By guest BlogBabe Carrie Kaufman!
In the 8 years since my injury, I’ve dated lots of people and been intimate. I’m not going to pretend like it didn’t take time for me to feel comfortable with my body. I’m also not going to pretend that there aren’t still times when I feel ashamed or insecure about my body, but that’s more about a patriarchal, heteronormative, non-crippled society’s pressure, than it is about something wrong me. I had to relearn confidence and assertiveness — get my game back, if you will. I went through many different modes of healing and discovery of my body and myself.
My spinal cord injury is the result of a drunken, skinny dipping, diving mishap that happened eight years ago, when I was 20 and right in the middle of all things college. As happens with the majority of us, my life has become completely normal, and the problems and barriers I face now are more related to other peoples’ stereotypes and attitudes, and less related to fact that I have fewer physical abilities now than I did for the first part of my life.
But back to being 20. Sex and dating were pretty important to my life, and I was doing a lot of figuring both of those things out. After my injury, I was sent the message by my rehab professionals, my friends, family members, & society at large that these things would no longer be a big part of my life; that I shouldn’t waste time thinking about finding love, having sex, or even talking about it. This message was delivered passively, in the way that nobody dared bring up the subject, but also aggressively, when those closest to me would say things like “I hope she’s already had sex!” or “Oh my gosh, you still get hit on?!” Over the course of five months of inpatient rehab, no doctor or nurse or therapist ever talked to me about sex. Granted, I may not have wanted to talk about it with them, but I would’ve liked to have had the option, or the door opened, at least. And the fact that my loved ones believed that now, disabled, my sexuality would cease to exist, dealt blows to my self esteem.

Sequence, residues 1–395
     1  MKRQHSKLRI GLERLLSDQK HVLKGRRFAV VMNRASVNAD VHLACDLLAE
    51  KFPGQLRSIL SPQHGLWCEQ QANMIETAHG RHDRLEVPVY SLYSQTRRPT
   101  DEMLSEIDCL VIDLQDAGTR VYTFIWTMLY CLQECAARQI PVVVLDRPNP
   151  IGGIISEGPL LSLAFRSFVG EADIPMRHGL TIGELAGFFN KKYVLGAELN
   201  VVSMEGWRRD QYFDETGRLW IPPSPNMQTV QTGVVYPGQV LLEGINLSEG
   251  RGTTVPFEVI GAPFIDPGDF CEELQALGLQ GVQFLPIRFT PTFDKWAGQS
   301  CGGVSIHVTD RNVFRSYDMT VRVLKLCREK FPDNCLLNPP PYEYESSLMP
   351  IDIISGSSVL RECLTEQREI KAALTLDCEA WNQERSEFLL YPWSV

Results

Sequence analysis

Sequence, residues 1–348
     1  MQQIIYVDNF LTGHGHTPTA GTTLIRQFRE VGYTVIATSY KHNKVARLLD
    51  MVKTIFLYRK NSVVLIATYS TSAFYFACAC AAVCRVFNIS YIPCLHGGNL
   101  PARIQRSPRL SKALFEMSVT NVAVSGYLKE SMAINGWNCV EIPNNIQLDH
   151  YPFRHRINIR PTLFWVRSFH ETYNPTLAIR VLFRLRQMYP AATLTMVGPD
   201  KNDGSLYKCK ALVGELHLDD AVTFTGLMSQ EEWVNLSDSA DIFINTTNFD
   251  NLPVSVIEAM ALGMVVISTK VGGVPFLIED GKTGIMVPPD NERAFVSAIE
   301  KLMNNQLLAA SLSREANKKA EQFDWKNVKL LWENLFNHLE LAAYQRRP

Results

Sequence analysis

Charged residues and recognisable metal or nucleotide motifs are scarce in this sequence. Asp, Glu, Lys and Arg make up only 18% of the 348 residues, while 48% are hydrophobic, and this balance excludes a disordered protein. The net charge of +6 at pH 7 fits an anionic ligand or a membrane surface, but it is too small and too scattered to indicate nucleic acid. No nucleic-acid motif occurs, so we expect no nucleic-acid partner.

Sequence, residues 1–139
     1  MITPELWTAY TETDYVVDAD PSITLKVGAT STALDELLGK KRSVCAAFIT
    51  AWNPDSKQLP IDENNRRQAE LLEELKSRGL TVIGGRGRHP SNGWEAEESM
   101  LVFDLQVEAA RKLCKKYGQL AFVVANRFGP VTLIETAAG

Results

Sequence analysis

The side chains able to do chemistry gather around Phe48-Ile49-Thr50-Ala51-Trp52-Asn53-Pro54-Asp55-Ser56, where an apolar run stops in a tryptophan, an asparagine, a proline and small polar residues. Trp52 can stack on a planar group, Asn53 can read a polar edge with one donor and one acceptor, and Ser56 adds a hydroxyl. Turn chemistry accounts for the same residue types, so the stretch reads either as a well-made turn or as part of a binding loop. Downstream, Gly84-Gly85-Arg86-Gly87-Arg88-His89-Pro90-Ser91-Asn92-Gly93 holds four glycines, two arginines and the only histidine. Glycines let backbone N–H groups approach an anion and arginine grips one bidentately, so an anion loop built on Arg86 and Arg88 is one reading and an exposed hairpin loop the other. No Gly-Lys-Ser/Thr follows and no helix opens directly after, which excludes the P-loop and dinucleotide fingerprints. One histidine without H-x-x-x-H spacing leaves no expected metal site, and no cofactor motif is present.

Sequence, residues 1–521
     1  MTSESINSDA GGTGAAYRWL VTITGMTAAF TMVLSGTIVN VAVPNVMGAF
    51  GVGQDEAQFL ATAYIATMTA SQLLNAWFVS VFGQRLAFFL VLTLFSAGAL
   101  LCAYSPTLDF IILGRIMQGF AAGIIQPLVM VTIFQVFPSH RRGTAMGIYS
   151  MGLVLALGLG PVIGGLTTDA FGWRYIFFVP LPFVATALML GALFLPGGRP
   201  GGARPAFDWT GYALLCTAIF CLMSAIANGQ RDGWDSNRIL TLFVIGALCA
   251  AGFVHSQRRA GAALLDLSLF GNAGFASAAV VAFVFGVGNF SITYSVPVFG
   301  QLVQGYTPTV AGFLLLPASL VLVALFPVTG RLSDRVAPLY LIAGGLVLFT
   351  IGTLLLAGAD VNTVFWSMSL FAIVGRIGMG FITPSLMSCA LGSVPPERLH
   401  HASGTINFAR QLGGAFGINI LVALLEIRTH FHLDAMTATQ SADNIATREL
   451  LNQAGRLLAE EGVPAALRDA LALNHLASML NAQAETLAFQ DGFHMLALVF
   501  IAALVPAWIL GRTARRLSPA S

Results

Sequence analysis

I’ve found that my relationships are so much more meaningful, because they require such a depth of intimacy, both on the physical and emotional levels. I’ve had relationships with other people with disabilities, and with able-bodied people. I’ve had to explore different ways of giving and getting pleasure, including many creative body parts, positions, devices, and modes, and I’ve learned not to take any of it for granted.
There’s always the first awkward conversations about how much I can feel (all of it) my catheter (I have one), and about how I can make the first symbolic move, but will inevitably need to be lifted right out of my chair, and that’s hot. As a result of having to lay these things out early on and be so disclosing about myself and my body, I get so much more out of my relationships — also both physically and emotionally.
I’m happy to be in a place where I can love my body, and let other people love it too. I’m a little broken, and kinda different; my body frustrates me in a lot of ways since my injury. It is also still an incredible source of pleasure, and who am I to deny myself that.